Internal Entrepreneurs aren’t the people running the core business, but instead are the idea-a-minute person who are close to the customers, have great ideas and just want to be given the opportunity to test them. These people are like startups, or in Silicon Valley terms, early stage founders. Many of these people are not experienced enough, and possibly don’t have the attention span or interest, to run their companies long-term. They stay in the incubator and launch the next thing while handing over the venture they’ve been working on to the next type of people typical in a company.
The Growth Experts
These are the ones who are really good at growing businesses. They’re not really the idea people, but they’re the ones who can take an idea and understand how to grow it 15-20% a year. They know how to recruit people, how to manage people, and how to run the business.
“Some of the best startups in Silicon Valley resulted when brilliant, but perhaps less experienced entrepreneurs knew they needed help growing the business and brought in a more seasoned veteran to both lead and teach them.”
An internal entrepreneur is lucky, they are already surrounded by experienced veterans who can take their venture and grow it.
The Efficiency Experts
The third type of people are the ones who knows how to manage a business like no other. They can operate efficiently, they know how to reduce costs without reducing quality. These are the type of people typically running the core and legacy businesses.
“If they’re smart, they look at the entrepreneurs as the people who are going to basically fuel their pipelines for years to come, because as big as the business is, it’ll fade a la Kodak, a la Motorola, a la the printing business.”
Where companies go wrong:
Believing that they do not have the capacity to innovate. Having worked with corporate innovation since 1994, Yates strongly believes that all companies have the resources, internal talent, ideas, capital, and customers needed to pursue innovation without having to waste millions or billions on a potential failure.
Point #6: Leverage Your Resources
A big argument for several companies is that they do not have the budget or resources for innovation.
Yates begs to differ.
“If you’re paying dividends or cutting costs, that just tells me that you have the money to invest in innovation. And the beauty of it is that it does not have to be expensive.”
It can start small, it doesn’t have to be a massive overhaul, but it helps sow the seeds for the future. The key (as mentioned above in point #2) is to methodically test and remove risks before channeling more money and resources into the project.
If we look at startups, they’re typically funded with a minimal amount of money to kick off — $50,000, $150,000, $500,000 etc. And then they go through a process, proving their hypotheses and market feasibility to unlock more funding to build upon the business.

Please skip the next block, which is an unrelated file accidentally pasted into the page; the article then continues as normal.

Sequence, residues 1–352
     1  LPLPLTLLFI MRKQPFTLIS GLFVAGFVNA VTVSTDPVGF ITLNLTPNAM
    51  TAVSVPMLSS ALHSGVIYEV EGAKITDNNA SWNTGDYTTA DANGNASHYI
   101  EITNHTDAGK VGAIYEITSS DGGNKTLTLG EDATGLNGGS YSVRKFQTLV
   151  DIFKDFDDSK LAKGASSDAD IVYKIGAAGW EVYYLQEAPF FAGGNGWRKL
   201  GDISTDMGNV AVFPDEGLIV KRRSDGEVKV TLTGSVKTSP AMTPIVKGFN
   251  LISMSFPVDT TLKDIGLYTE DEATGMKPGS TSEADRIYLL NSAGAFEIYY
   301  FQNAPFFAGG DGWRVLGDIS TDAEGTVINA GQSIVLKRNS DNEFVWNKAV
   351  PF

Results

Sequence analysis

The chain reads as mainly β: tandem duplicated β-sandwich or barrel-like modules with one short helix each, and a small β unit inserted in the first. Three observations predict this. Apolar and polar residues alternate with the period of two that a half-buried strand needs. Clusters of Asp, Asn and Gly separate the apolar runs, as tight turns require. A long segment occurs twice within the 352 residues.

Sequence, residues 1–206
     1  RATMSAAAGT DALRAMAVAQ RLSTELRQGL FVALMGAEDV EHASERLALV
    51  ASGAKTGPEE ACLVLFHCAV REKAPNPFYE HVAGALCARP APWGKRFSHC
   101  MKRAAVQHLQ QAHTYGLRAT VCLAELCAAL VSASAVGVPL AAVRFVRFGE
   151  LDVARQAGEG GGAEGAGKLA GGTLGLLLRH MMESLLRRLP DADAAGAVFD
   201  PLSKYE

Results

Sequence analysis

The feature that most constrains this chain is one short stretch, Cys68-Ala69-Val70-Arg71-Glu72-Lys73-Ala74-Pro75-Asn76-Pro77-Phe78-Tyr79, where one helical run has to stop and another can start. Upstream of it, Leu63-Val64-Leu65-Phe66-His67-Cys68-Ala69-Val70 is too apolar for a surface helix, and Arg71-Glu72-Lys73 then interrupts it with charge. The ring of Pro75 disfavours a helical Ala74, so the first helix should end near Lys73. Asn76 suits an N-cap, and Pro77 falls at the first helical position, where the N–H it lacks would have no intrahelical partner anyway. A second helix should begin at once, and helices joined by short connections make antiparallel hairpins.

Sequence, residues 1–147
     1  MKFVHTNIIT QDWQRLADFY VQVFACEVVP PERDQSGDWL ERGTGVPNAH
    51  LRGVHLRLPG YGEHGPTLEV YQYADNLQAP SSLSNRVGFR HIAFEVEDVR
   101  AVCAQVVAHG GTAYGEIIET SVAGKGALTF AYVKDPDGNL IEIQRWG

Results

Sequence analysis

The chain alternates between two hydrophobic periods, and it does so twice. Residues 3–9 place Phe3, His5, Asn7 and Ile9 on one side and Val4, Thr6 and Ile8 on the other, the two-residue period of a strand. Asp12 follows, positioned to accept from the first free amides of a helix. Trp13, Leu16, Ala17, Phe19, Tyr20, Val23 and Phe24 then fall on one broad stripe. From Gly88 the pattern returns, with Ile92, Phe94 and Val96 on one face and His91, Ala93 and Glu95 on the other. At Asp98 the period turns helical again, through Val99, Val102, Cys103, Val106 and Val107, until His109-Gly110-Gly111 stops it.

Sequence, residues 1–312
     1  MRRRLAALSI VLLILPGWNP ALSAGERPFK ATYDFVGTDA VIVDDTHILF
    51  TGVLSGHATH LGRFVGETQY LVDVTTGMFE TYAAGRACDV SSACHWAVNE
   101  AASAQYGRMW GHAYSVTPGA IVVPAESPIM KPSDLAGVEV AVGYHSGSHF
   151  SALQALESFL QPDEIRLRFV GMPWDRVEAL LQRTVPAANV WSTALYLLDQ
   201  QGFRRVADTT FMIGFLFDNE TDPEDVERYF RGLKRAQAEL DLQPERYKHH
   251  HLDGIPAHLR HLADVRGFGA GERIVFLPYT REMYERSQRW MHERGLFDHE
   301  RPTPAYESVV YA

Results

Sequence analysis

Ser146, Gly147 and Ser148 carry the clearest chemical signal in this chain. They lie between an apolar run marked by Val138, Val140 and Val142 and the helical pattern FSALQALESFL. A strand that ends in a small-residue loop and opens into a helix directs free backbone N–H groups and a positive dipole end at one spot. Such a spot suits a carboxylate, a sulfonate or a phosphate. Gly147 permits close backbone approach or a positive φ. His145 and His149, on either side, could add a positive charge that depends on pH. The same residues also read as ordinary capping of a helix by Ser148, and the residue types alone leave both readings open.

“As long as you have a rigorous and robust methodology for doing that, then you’re on the right track,”
Where companies go wrong:
Doing “innovation” without any conducive measures or systems in place. Examples include setting up an innovation unit that still has to adhere to organizational constraints, appointing a Head of Innovation who doesn’t have power, and not defining any metrics on corporate venturing.
Point #7: Run both the Core and New Business Concurrently
The whole point about investing in innovation isn’t to push your existing business model aside, but to build on it and expand it for the future.
“You know your product is going to have a lifetime and it’s ultimately going to fade. But it doesn’t matter as long as you are continually reinventing yourself,” said Yates.
In the context of the Norwegian economy, which relies a fair bit on the oil & gas industry — it’s understandable to want to keep optimizing the efficiency of its core business. But while doing so, it also makes sense to leverage the vast amount of data and knowledge they have built up over the years from running the business, and see what they could be doing with that from a business standpoint.
“What could you be doing in terms of alternatives? What could you be doing in terms of digital disruption? What could you be doing about enabling small, medium-sized businesses around energy or consumers around energy?” asked Yates.
She aptly analogized the oil industry as an oil tanker.
“You send out a series of speedboats and tugboats that are tethered to the oil tanker. Ultimately, you’d have sent out enough of those that you can shift, if not, you can continue to run your core business, but they have to simultaneously be thinking about what’s next.”
Where companies go wrong:
Being overly protective of the core business and not keeping up with the pace of change, instead of adopting a methodology that works to help you develop a portfolio of new ventures.
Linda Yates is the co-founder / CEO of Mach49. Working under the motto “Disrupting Inside Out”, Mach49 helps large organizations create, build, and launch new ventures generated from within. Based in the middle of the Silicon Valley, Mach49 works with a host of global companies, including a handful from the Nordics.
Engage // Innovate collaborates with Mach49, and will bring its first Norwegian client to Mach49 later this year.
Do you want to learn more?
Contact Christian Rangen, partner at Engage // Innovate today at firstname.lastname@example.org